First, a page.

Oct 25 2009

Remaining Flexible

Smokies-Abstract-2-crPrior to his death, John Netherton was one of America’s most popular nature photographers.  Shortly before he died I ran into him on a photo trip to the Smokies.  I was driving down from Newfound Gap when I saw John shooting off the side of the road.  I pulled over to talk to him.  That year the fall colors were not particularly good and I made a comment to him about there not being much to shoot.  He looked at me kind of funny and then with his hand motioned to the whole forest in front of him.  For John there was plenty to shoot. 

This encounter was a teaching moment for me.  When you get out in nature as a photographer there is always plenty to photograph.  It may not be what you hoped for or planned on shooting but there are still countless wonders in God’s Creation waiting to be viewed and photographed.  Since that time I’ve discovered it pays to not be so focused on one or two subjects when I go out into nature.  It helps to be more flexible and open minded to the possibilities around me.  Doing so adds to my enjoyment of the experience outdoors and has led to a number of wonderful photographs I would not have captured had I remained focused on just one image or scene.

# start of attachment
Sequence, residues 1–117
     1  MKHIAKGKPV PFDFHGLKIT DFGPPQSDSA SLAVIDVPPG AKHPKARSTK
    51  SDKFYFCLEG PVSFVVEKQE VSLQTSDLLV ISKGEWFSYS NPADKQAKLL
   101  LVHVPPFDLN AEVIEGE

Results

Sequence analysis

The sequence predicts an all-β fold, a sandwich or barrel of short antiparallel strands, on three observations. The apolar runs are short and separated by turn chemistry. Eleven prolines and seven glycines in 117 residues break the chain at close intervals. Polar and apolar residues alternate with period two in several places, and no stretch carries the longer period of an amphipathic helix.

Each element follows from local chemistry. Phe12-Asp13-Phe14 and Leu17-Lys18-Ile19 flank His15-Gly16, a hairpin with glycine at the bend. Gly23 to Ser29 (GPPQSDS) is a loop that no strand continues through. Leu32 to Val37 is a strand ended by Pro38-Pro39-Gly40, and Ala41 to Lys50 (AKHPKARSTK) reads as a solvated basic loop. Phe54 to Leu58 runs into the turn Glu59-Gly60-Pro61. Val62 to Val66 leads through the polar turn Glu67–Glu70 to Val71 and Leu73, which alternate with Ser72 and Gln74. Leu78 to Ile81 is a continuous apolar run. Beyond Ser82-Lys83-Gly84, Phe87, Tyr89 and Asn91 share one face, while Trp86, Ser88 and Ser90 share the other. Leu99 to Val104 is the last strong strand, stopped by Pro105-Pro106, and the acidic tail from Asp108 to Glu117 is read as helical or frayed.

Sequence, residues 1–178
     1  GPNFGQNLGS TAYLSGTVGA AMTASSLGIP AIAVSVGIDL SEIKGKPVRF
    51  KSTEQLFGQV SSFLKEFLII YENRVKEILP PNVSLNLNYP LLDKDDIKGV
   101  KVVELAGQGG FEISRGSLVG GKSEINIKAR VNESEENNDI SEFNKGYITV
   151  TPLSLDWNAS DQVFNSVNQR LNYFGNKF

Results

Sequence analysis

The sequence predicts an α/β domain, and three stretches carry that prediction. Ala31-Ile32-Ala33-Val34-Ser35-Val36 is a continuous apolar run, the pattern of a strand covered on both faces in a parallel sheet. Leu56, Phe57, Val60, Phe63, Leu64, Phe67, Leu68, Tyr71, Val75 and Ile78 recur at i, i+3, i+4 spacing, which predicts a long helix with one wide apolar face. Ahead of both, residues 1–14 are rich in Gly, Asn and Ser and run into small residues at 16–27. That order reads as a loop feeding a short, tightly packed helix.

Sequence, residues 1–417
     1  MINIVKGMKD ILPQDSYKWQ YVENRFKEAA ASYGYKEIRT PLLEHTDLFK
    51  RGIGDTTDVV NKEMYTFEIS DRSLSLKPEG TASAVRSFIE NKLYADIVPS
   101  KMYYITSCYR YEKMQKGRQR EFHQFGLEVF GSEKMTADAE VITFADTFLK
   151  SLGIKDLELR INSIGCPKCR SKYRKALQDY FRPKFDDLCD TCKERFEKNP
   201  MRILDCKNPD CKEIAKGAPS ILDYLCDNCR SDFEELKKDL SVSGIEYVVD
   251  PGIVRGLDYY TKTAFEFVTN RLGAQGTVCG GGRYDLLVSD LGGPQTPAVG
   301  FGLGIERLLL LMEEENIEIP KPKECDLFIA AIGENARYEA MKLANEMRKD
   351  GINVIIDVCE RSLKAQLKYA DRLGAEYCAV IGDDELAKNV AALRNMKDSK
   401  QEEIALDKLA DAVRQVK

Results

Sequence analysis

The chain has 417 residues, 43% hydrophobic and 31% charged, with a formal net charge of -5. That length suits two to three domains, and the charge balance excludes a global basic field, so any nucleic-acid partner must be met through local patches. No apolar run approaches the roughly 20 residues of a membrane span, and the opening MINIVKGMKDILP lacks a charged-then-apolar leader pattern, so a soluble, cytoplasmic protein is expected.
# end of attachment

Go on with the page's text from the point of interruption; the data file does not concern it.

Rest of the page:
If we’re not careful we can make the same mistake when it comes to finding God in nature.  For example, we may conclude that God is to be found only in places of outstanding beauty.  That is not true.  John Muir once wrote in his journal, “No wilderness in the world is so desolate as to be without divine ministers.  God’s love covers all the earth as the sky covers it, and also fills it in every pore.  And this love has voices heard by all who have ears to hear.” 

We’re acting foolishly when we think we know where God can be found.  He truly is a God who delights in surprising us.  For that reason we must remain alert at all times and in all places.  We never know just when or where He will make Himself known to us.  Be prepared. 


I discovered the reflections photographed above in the Smokies as I was making my way to photograph something totally different.